Amazon received federal approval to operate its fleet of Prime Air delivery drones, a milestone that allows it to expand unmanned package delivery, the Federal Aviation Administration said Monday.
The approval will give Amazon broad privileges to "safely and efficiently deliver packages to customers," the FAA said. The FAA certification comes under Part 135 of FAA regulations, which gives Amazon the ability to carry property on small drones "beyond the visual line of sight" of the operator.
Amazon isn't the only company seeking to expand commercial drone delivery. Last April, Alphabet-owned Wing became the first drone delivery company to receive FAA approval for commercial deliveries in the U.S. UPS last October won approval from the FAA to operate a fleet of drones as an airline.
What is the goal?
Amazon wants to create an autonomous drone service that will deliver packages up to five pounds in 30 minutes or less. Company technologists are developing its aerial workhorse in-house.
Introduced last summer, the latest Prime Air drone is electric, autonomous, and capable of vertical and horizontal flight. It can travel up to 15 miles in half an hour, which makes it slightly faster than Usain Bolt and significantly more long-distance.
YSK that Amazon has a serious problem with counterfeit products, and it's all because of something called "commingled inventory." : YouShouldKnow
Most recently, I bought a bottle of shampoo that seemed really odd and gave me a pretty serious rash on my scalp. I contacted the manufacturer, and they confirmed it was a fake. Amazon will offer to give your money back if you send it back, but that's all the protection you have as a buyer.
Since I started noticing this issue, I've gotten counterfeit batteries, counterfeit shampoo, and counterfeit guitar strings, and they were all sold by Amazon.com. It got so bad that I completely stopped using Amazon.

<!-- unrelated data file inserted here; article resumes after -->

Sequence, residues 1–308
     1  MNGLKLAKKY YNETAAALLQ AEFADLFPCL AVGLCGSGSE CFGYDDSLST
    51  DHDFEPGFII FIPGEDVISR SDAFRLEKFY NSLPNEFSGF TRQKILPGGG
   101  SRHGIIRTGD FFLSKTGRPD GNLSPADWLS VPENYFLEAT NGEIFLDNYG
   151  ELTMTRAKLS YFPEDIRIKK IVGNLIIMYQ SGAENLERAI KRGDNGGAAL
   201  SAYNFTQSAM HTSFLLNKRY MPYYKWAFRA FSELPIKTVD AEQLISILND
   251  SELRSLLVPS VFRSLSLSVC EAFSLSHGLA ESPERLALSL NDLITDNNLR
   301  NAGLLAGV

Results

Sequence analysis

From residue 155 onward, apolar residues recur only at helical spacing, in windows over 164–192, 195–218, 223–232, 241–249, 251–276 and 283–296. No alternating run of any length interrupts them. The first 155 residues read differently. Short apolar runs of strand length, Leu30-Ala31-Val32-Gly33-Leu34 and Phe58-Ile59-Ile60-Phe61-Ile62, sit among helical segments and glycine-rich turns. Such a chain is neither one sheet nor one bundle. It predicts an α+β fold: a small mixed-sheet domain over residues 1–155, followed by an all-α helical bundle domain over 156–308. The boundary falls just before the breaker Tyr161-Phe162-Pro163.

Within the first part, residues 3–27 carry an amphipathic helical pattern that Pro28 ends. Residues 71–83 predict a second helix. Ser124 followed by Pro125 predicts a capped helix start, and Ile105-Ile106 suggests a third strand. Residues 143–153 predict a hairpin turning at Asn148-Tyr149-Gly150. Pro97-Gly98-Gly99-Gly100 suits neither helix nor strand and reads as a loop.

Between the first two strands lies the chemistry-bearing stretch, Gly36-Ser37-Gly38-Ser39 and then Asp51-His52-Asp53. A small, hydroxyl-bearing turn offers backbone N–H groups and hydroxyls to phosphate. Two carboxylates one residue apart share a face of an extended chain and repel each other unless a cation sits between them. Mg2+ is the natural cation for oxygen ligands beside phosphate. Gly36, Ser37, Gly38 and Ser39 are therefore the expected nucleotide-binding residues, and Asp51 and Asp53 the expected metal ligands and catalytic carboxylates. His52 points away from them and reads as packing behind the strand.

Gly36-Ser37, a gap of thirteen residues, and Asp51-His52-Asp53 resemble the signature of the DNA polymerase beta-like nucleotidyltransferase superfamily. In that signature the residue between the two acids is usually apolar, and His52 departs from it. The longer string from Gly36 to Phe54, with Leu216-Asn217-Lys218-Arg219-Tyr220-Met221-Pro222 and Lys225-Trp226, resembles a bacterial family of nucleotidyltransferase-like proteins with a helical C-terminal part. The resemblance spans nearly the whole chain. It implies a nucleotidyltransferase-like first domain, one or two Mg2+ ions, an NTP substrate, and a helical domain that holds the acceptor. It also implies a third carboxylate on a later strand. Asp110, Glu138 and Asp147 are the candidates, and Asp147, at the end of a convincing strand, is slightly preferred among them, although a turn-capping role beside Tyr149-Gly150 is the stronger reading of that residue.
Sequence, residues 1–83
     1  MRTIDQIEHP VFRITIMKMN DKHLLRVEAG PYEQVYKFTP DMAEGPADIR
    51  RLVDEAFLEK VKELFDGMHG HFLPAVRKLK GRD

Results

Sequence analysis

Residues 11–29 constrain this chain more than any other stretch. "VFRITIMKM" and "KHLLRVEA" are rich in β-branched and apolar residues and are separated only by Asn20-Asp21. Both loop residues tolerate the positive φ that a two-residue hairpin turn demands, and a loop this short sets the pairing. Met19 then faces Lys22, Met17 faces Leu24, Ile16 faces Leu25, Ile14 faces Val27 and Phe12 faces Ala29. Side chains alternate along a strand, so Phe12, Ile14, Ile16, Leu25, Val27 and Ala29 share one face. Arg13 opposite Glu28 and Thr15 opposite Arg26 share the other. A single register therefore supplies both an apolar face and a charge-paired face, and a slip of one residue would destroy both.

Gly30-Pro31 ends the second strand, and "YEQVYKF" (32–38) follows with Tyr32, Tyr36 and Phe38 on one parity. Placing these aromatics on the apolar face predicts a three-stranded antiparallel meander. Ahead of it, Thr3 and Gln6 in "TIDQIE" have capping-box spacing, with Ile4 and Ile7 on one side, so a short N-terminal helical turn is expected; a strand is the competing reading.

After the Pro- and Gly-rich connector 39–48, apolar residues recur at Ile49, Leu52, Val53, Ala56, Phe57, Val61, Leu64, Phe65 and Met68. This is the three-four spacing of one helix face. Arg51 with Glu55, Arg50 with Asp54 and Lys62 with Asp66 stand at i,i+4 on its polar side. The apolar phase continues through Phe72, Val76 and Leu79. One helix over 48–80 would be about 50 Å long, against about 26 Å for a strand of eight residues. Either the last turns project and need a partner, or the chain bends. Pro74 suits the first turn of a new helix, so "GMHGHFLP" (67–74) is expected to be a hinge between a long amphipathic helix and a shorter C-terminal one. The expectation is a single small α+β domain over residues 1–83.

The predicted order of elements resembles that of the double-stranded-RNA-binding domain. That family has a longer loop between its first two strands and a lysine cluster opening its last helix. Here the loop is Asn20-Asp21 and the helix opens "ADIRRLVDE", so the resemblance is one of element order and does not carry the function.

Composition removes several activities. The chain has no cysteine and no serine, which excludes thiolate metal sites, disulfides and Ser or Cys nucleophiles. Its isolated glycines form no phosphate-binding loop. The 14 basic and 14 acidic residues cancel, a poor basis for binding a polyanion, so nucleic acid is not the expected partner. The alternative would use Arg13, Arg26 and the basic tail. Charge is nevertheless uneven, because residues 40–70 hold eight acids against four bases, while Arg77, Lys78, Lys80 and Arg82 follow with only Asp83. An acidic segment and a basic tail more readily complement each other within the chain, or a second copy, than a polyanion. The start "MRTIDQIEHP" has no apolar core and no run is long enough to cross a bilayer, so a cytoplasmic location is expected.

The bigger question is "what the hell is going on?" This didn't seem to be a problem, say, 5 years ago. I started looking into why this was the case, and I found a pretty clear answer: commingled inventory.
The California Consumer Privacy Act enforcement period began July 1, and two months later, numerous firms have received letters from the attorney general’s office about noncompliance. Multiple major companies, including Walmart, Sephora, and Ring, have been hit with class-action lawsuits.
But there’s no great mystery or nefarious agenda tied to the companies that have been targeted as this point, says Dan Clarke, president at IntraEdge. To avoid meeting the same fate, companies need to adhere to the fundamentals of the nation’s first major statewide privacy law.
🛠 Tips & Tools
Automattic is an office-less, globally distributed company, and P2 is our lifeblood. We built it to give everyone a place to see all of their projects and files, collaborate transparently, and to do it all without constant distractions.
P2 organizes all your files, projects, and conversations on one screen, so your team can collaborate from anywhere. It’s perfect for remote teams, digital nomads, extended families — anyone who doesn’t like email or meetings (i.e., everyone).
Wordpress has opened its internal project management tool, P2, to the public.
Questions, comments, inquiries? I’d love to hear from you! Email firstname.lastname@example.org.